Franco Harris is a name that resonates strongly with many football fans. He was an American professional football player, a running back in the NFL for 13 seasons. Harris spent 12 of those seasons with the Pittsburgh Steelers and won four Super Bowl titles with the team. His net worth at the time of his death was $3 million. This article delves into his early life, college and professional career, and his post-NFL activities.
Early Life and High School
Franco Harris was born on March 7, 1950, in Fort Dix, New Jersey, to Cad, a black World War II veteran, and Gina, an Italian native. He had a younger brother named Pete, who also went on to play football. As a teenager, Harris attended Rancocas Valley Regional High School, graduating in 1968.
Harris attended Penn State University from 1969-1971, where he played for the Nittany Lions football team. He finished his collegiate career with a total of 2,002 yards rushing and 24 touchdowns, while catching 28 passes for 352 yards and one touchdown. In 1970, Harris led the Lions in scoring.
Pittsburgh Steelers Rookie Year
In the 1972 NFL Draft, Harris was chosen 13th overall by the Pittsburgh Steelers. For his rookie season, he recorded 1,055 yards on 188 carries and rushed for 10 touchdowns. In addition, his first season was marked by the “Immaculate Reception,” one of the most famous plays in American football history. The play occurred in the first round of the playoffs when, in the final 22 seconds of play with the Steelers down 6-7 to the Oakland Raiders, Terry Bradshaw’s pass was deflected away from the intended receiver and landed in Harris’s hand just before the ball hit the ground. Running it to the end zone, Harris gave the Steelers their first-ever playoff victory.
Further Career with the Steelers
Over the course of the next decade, Harris became an integral contributor to the Steelers’ unprecedented success. He rushed for more than 1,000 yards in eight seasons, shattering Jim Brown’s record. In tandem with halfback Rocky Bleier, Harris helped the Steelers win four Super Bowl titles, in 1975, 1976, 1979, and 1980. He was named the MVP for the first tournament win, during which he rushed for 158 yards and a touchdown on 34 carries. This made Harris both the first African-American and the first Italian-American to ever be named Super Bowl MVP.
Final Playing Year and Retirement
After his career with the Steelers had come to an end, Harris signed with the Seattle Seahawks midway through the 1984 season. He ended up playing only eight games with the team, gaining just 170 yards before he decided to retire. Although he finished his career 192 yards short of Jim Brown’s record, Harris still managed to come in third at the time with 12,120 yards, and also third at the time in rushing touchdowns, with 91.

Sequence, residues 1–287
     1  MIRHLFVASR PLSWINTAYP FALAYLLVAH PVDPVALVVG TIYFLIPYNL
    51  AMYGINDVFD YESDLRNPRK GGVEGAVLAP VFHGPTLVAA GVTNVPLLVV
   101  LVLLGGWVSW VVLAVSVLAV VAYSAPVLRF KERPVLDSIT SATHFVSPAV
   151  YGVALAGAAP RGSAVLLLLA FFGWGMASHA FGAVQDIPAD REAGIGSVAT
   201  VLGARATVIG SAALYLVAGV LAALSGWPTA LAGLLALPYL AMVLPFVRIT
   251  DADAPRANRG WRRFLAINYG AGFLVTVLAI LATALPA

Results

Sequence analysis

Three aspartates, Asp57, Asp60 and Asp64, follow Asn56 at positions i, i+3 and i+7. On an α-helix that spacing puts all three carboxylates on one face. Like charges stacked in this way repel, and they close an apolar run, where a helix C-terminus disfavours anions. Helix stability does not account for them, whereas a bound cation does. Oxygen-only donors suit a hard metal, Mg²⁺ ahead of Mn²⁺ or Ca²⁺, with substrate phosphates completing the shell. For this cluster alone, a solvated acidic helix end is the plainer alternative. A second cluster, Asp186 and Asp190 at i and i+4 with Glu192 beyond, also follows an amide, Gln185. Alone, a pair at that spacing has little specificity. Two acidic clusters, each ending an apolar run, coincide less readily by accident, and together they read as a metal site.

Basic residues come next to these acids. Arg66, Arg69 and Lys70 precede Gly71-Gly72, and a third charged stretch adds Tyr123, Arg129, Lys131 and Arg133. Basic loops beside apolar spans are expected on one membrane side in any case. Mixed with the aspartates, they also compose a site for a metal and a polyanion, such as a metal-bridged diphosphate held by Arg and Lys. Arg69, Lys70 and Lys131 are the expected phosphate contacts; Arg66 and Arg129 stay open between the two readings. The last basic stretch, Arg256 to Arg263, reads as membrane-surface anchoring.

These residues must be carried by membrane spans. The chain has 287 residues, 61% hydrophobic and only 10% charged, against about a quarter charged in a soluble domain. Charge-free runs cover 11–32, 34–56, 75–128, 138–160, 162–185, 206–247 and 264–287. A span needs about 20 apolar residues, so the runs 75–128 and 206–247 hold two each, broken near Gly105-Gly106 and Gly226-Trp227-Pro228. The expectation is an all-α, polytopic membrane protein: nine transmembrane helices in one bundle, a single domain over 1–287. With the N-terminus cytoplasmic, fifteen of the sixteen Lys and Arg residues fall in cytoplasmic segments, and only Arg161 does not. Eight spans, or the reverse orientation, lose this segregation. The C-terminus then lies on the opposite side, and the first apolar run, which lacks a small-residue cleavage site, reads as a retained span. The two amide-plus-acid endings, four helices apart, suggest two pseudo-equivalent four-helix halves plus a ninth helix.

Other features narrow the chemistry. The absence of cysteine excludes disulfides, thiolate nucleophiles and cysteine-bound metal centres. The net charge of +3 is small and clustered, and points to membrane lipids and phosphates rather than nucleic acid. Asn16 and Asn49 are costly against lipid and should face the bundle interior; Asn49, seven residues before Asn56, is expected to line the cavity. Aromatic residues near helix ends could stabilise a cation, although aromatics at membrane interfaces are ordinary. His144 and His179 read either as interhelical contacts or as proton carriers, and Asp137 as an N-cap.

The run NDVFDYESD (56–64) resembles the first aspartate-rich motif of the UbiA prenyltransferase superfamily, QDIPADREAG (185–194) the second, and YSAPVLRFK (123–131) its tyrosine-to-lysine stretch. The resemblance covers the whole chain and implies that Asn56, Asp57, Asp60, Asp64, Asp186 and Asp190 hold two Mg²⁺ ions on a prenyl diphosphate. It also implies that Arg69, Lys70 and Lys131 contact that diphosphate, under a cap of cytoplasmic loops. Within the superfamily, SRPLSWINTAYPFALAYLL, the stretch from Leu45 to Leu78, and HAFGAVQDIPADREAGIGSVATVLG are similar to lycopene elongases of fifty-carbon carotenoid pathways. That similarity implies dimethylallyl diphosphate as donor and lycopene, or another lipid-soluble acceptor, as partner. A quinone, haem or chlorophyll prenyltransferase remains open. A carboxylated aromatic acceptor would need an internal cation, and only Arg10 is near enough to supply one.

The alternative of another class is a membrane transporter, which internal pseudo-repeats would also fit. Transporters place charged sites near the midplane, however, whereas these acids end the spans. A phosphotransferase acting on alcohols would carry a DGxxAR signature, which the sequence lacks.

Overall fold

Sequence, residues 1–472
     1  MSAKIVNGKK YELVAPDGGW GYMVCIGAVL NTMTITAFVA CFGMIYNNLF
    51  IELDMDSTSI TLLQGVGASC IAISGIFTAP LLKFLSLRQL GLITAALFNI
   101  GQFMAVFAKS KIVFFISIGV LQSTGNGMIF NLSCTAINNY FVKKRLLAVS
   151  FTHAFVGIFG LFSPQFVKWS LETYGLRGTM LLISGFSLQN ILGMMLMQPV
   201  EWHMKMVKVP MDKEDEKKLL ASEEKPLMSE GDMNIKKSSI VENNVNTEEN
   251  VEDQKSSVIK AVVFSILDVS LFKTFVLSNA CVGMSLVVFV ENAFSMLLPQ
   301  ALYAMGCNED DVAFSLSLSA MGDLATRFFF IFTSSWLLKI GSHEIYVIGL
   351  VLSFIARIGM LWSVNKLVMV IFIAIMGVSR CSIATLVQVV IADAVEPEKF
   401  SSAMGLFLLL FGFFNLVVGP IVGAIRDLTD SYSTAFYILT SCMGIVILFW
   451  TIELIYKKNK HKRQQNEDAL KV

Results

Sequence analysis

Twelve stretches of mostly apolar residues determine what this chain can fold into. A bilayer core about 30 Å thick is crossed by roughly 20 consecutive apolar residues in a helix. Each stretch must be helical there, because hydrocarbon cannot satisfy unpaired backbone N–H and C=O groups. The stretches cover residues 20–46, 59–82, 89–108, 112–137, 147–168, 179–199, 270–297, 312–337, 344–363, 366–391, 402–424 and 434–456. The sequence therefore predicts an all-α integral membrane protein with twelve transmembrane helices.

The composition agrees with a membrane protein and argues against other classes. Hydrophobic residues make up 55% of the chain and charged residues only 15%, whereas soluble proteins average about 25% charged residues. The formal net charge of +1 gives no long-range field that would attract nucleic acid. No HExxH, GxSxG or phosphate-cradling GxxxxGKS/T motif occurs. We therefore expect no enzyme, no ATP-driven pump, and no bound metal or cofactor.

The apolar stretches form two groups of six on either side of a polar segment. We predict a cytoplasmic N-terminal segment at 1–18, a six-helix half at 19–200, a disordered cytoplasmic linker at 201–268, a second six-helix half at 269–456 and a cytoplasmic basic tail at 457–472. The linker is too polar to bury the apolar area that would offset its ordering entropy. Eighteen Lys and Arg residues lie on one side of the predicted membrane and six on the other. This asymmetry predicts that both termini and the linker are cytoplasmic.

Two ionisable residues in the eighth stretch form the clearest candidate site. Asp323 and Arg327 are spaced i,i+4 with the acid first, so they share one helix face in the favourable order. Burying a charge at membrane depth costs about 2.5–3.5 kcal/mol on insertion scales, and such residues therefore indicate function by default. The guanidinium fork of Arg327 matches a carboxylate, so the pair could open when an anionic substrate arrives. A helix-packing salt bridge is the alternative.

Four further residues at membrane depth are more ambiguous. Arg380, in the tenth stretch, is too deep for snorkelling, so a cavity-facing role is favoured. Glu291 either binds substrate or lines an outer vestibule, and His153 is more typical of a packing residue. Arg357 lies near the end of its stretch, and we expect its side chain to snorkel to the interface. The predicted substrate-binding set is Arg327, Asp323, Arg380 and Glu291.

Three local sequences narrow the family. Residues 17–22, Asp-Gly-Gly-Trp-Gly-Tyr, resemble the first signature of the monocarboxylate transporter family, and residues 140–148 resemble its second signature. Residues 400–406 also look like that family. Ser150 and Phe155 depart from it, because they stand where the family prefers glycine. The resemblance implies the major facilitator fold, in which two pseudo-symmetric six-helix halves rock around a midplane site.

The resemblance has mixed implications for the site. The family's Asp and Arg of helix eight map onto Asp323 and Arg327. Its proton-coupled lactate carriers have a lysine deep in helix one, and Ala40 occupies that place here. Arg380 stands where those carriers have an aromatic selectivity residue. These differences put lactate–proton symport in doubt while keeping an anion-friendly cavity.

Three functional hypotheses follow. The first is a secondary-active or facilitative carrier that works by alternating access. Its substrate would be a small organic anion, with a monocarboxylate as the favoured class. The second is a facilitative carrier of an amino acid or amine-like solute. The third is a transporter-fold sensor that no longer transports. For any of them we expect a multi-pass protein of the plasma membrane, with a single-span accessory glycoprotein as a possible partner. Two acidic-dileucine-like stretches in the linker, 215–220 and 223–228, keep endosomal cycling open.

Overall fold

Following his retirement, Harris embarked on various endeavors. In 1990, he and his former Penn State teammate Lydell Mitchell opened Super Bakery, a purveyor of nutritious food for schoolchildren. Later, in 2007, Harris was chosen by the real estate investment trust Forest City Enterprises to lead a charitable foundation it had launched.
In early 2011, Harris became a co-owner of the women’s football team, the Pittsburgh Passion. The same year, he worked briefly for the Meadows Racetrack and Casino in Pennsylvania, but was let go due to his comments supporting his former Penn State football coach Joe Paterno, who was involved in a child sexual abuse scandal. Harris also served on the advisory board of Penn State’s Center for Food Innovation.
Franco Harris’ Legacy
Franco Harris was an accomplished athlete, and his achievements speak for themselves. He was a nine-time Pro Bowl selection, an AP First-Team All-Pro in 1977 and an AP Second-Team All-Pro in 1972 and 1975. In addition, he was the NFL Offensive Rookie of the Year in 1972 and AFC Rookie of the Year the same season.
Harris was also known for his philanthropic efforts. After Hurricane Katrina, he helped lead a relief effort to provide food and supplies to those affected. He was also involved in various charities that worked to support underprivileged children.
Franco Harris’ net worth at the time of his death was $3 million. He was an NFL legend and will always be remembered for his contributions to the sport. Harris was inducted into the Pro Football Hall of Fame in 1990, and his #32 jersey was retired by the Pittsburgh Steelers. He will be remembered as one of the greatest running backs to ever play the game.